Daisuke, I. & Norihiro, S. Molecular pathogenesis of seipin/BSCL2-related motor neuron diseases. Ann. Neurol. 61, 237–250 (2007).
Farese, R. V., Jr & Walther, T. C. Lipid droplets finally get a little R-E-S-P-E-C.-T. Cell 139, 855–860 (2009).
Yamanaka, K., Miller, T. M., McAlonis-Downes, M., Chun, S. J. & Cleveland, D. W. Progressive spinal axonal degeneration and slowness in ALS2-deficient mice. Ann. Neurol. 60, 95–104 (2006).
Deng, H. X. et al. Distal axonopathy in an alsin-deficient mouse model. Hum. Mol. Genet. 16, 2911–2920 (2007).
Otomo, A. et al. ALS2, a novel guanine nucleotide exchange factor for the small GTPase Rab5, is implicated in endosomal dynamics. Hum. Mol. Genet. 12, 1671–1687 (2003).
Devon, R. S. et al. Als2-deficient mice exhibit disturbances in endosome trafficking associated with motor behavioral abnormalities. Proc. Natl Acad. Sci. USA 103, 9595–9600 (2006).
Lai, C. et al. Amyotrophic lateral sclerosis 2-deficiency leads to neuronal degeneration in amyotrophic lateral sclerosis through altered AMPA receptor trafficking. J. Neurosci. 26, 11798–11806 (2006).
Reid, E. et al. A kinesin heavy chain (KIF5A) mutation in hereditary spastic paraplegia (SPG10). Am. J. Hum. Genet. 71, 1189–1194 (2002).
Goizet, C. et al. Complicated forms of autosomal dominant hereditary spastic paraplegia are frequent in SPG10. Hum. Mutat. 30, E376–385 (2009).
Hirokawa, N. & Noda, Y. Intracellular transport and kinesin superfamily proteins, KIFs: structure, function, and dynamics. Physiol. Rev. 88, 1089–1118 (2008).
Hirokawa, N., Nitta, R. & Okada, Y. The mechanisms of kinesin motor motility: lessons from the monomeric motor KIF1A. Nature Rev. Mol. Cell Biol. 10, 877–884 (2009).
Hurd, D. D. & Saxton, W. M. Kinesin mutations cause motor neuron disease phenotypes by disrupting fast axonal transport in Drosophila. Genetics 144, 1075–1085 (1996).
Xia, C. H. et al. Abnormal neurofilament transport caused by targeted disruption of neuronal kinesin heavy chain KIF5A. J. Cell Biol. 161, 55–66 (2003).
Gupta, V., Palmer, K. J., Spence, P., Hudson, A. & Stephens, D. J. Kinesin-1 (uKHC/KIF5B) is required for bidirectional motility of ER exit sites and efficient ER-to-Golgi transport. Traffic 9, 1850–1866 (2008).
Schüle, R. et al. SPG10 is a rare cause of spastic paraplegia in European families. J. Neurol. Neurosurg. Psychiatry 79, 584–587 (2008).
Ebbing, B. et al. Effect of spastic paraplegia mutations in KIF5A kinesin on transport activity. Hum. Mol. Genet. 17, 1245–1252 (2008).
Kurth, I. et al. Mutations in FAM134B, encoding a newly identified Golgi protein, cause severe sensory and autonomic neuropathy. Nature Genet. 41, 1179–1181 (2009).
McCray, B. A., Skordalakes, E. & Taylor, J. P. Disease mutations in Rab7 result in unregulated nucleotide exchange and inappropriate activation. Hum. Mol. Genet. 19, 1033–1047 (2010).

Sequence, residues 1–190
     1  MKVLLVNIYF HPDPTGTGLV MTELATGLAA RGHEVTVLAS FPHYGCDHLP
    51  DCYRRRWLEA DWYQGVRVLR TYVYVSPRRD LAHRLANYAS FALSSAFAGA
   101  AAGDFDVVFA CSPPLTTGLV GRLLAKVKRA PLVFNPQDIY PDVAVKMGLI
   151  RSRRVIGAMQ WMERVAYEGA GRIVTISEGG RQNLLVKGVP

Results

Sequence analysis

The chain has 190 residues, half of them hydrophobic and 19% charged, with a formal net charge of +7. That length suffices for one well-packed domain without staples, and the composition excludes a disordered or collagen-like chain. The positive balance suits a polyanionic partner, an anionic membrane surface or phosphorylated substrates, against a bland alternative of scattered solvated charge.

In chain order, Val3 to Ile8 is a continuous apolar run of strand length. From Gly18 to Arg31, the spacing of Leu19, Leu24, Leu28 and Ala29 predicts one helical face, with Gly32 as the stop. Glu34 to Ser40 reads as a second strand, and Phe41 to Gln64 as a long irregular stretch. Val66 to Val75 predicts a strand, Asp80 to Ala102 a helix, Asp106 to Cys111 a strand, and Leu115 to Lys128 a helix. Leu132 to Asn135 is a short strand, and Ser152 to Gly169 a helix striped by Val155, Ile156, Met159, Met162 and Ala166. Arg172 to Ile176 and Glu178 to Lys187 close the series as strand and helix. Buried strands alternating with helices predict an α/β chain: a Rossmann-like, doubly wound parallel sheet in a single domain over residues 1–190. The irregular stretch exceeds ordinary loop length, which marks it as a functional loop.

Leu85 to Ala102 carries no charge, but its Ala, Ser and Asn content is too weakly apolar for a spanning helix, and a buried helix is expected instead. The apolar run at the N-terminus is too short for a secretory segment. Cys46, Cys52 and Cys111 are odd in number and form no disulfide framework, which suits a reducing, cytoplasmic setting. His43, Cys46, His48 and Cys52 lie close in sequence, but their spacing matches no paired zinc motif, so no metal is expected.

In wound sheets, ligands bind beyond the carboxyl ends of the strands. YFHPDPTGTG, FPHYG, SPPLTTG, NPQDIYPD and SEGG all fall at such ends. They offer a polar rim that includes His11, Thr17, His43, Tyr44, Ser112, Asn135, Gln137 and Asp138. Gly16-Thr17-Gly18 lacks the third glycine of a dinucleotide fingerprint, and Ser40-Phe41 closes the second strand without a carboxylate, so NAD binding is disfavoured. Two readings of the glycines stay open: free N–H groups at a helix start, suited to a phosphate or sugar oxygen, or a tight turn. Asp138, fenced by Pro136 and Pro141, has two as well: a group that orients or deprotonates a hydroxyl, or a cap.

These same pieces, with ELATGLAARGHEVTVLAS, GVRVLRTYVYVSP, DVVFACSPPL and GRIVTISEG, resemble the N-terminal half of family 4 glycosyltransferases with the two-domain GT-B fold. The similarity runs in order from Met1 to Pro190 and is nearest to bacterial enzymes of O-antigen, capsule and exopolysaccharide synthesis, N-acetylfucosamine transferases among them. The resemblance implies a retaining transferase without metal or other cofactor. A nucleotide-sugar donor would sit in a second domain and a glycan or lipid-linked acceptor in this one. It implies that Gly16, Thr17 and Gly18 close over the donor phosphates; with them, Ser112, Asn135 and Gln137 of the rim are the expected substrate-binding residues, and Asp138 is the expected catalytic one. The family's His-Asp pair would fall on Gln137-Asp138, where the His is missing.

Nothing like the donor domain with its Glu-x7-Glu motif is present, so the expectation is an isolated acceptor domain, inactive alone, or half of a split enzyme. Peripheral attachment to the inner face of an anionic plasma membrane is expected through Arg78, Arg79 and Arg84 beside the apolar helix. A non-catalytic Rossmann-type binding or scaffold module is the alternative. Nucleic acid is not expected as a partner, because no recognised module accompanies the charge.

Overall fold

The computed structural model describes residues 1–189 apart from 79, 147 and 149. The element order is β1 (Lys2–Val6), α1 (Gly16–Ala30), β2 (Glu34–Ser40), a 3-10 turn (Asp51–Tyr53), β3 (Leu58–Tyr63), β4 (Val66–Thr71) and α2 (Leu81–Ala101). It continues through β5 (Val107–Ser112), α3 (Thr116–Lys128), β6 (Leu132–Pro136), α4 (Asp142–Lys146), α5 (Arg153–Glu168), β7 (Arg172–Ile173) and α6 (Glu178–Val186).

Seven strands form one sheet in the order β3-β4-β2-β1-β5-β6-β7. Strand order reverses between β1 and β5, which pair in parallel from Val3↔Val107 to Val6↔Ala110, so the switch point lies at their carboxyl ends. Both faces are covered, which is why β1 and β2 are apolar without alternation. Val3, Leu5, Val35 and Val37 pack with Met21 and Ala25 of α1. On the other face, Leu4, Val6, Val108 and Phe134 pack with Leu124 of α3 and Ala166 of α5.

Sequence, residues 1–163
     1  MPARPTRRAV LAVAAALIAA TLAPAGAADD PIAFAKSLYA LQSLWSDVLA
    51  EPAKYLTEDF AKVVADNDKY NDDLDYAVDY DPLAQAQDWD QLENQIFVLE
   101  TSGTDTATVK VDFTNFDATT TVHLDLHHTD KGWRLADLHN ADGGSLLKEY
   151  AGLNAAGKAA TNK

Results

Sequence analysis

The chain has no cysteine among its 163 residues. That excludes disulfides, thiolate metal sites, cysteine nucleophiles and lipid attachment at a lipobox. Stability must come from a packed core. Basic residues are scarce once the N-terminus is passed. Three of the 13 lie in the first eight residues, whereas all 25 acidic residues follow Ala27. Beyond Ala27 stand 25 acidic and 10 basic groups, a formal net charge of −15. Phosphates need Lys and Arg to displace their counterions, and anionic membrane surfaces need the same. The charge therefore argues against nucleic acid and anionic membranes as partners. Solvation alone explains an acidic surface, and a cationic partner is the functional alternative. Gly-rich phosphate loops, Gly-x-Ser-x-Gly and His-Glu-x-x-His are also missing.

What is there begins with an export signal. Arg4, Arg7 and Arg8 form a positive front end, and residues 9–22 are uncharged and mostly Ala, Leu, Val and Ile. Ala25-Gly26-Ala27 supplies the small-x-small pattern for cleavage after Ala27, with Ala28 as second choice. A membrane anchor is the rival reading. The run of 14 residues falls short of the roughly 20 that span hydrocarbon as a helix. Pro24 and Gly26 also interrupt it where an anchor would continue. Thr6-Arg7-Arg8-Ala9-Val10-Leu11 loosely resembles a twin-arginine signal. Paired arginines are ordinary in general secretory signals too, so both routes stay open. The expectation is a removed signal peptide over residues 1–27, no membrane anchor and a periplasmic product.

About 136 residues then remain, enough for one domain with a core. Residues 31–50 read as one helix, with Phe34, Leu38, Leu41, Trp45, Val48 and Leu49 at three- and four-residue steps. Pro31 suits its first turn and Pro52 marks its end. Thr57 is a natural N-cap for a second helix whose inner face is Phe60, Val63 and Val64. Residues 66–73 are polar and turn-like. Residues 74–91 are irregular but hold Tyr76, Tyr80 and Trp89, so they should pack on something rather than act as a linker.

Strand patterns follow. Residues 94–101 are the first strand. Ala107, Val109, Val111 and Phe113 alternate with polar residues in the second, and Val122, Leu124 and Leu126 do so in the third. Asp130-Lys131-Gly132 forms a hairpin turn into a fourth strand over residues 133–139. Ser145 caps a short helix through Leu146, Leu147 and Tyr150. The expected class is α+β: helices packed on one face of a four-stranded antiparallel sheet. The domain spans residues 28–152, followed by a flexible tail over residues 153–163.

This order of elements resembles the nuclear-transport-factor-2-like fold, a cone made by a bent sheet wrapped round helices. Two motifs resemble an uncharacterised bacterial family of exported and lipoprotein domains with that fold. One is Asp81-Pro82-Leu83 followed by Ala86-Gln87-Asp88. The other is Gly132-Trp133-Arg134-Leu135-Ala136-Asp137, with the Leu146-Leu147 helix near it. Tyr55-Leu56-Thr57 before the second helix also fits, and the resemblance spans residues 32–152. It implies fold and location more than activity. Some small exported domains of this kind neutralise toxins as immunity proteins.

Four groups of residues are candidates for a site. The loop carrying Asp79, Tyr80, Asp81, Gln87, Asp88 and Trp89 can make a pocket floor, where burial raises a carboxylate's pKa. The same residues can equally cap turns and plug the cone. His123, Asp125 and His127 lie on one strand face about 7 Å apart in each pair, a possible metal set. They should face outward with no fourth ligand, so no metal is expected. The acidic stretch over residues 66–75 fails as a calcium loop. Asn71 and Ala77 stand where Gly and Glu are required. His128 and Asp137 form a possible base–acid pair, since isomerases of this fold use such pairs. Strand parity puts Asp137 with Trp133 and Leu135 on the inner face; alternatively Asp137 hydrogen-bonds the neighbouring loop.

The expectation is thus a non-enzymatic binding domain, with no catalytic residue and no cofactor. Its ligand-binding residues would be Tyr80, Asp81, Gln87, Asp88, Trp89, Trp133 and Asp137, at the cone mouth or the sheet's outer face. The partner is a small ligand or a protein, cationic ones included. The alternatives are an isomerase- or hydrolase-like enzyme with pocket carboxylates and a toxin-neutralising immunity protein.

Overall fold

Yang, Y. S., Harel, N. Y. & Strittmatter, S. M. Reticulon-4A (Nogo-A) redistributes protein disulfide isomerase to protect mice from SOD1-dependent amyotrophic lateral sclerosis. J. Neurosci. 29, 13850–13859 (2009).
Fasana, E. et al. A VAPB mutant linked to amyotrophic lateral sclerosis generates a novel form of organized smooth endoplasmic reticulum. FASEB J. 24, 1419–1430 (2010).
Chen, K. M., Brody, J. A. & Kurland, L. T. Patterns of neurologic diseases on Guam. Arch. Neurol. 19, 573–578 (1968).
Erichsen, A. K., Koht, J., Stray-Pedersen, A., Abdelnoor, M. & Tallaksen, C. M. Prevalence of hereditary ataxia and spastic paraplegia in southeast Norway: a population-based study. Brain 132, 1577–1588 (2009).
Harding, A. E. Classification of the hereditary ataxias and paraplegias. Lancet 1, 1151–1155 (1983).
Silva, M. C., Coutinho, P., Pinheiro, C. D., Neves, J. M. & Serrano, P. Hereditary ataxias and spastic paraplegias: methodological aspects of a prevalence study in Portugal. J. Clin. Epidemiol. 50, 1377–1384 (1997).
Nielsen, J. E. et al. Hereditary spastic paraplegia with cerebellar ataxia: a complex phenotype associated with a new SPG4 gene mutation. Eur. J. Neurol. 11, 817–824 (2004).
Hierro, A. et al. Functional architecture of the retromer cargo-recognition complex. Nature 449, 1063–1067 (2007).
Zhao, X. et al. Mutations in a newly identified GTPase gene cause autosomal dominant hereditary spastic paraplegia. Nature Genet. 29, 326–331 (2001).
Rainier, S., Chai, J. H., Tokarz, D., Nicholls, R. D. & Fink, J. K. NIPA1 gene mutations cause autosomal dominant hereditary spastic paraplegia (SPG6). Am. J. Hum. Genet. 73, 967–971 (2003).
Stevanin, G. et al. Mutations in SPG11, encoding spatacsin, are a major cause of spastic paraplegia with thin corpus callosum. Nature Genet. 39, 366–372 (2007).
Hanein, S. et al. Identification of the SPG15 gene, encoding spastizin, as a frequent cause of complicated autosomal-recessive spastic paraplegia, including Kjellin syndrome. Am. J. Hum. Genet. 82, 992–1002 (2008).
Sagona, A. P. et al. PtdIns(3)P controls cytokinesis through KIF13A-mediated recruitment of FYVE-CENT to the midbody. Nature Cell Biol. 12, 362–371 (2010).
Windpassinger, C. et al. Heterozygous missense mutations in BSCL2 are associated with distal hereditary motor neuropathy and Silver syndrome. Nature Genet. 36, 271–276 (2004).
Patel, H. et al. SPG20 is mutated in Troyer syndrome, an hereditary spastic paraplegia. Nature Genet. 31, 347–348 (2002).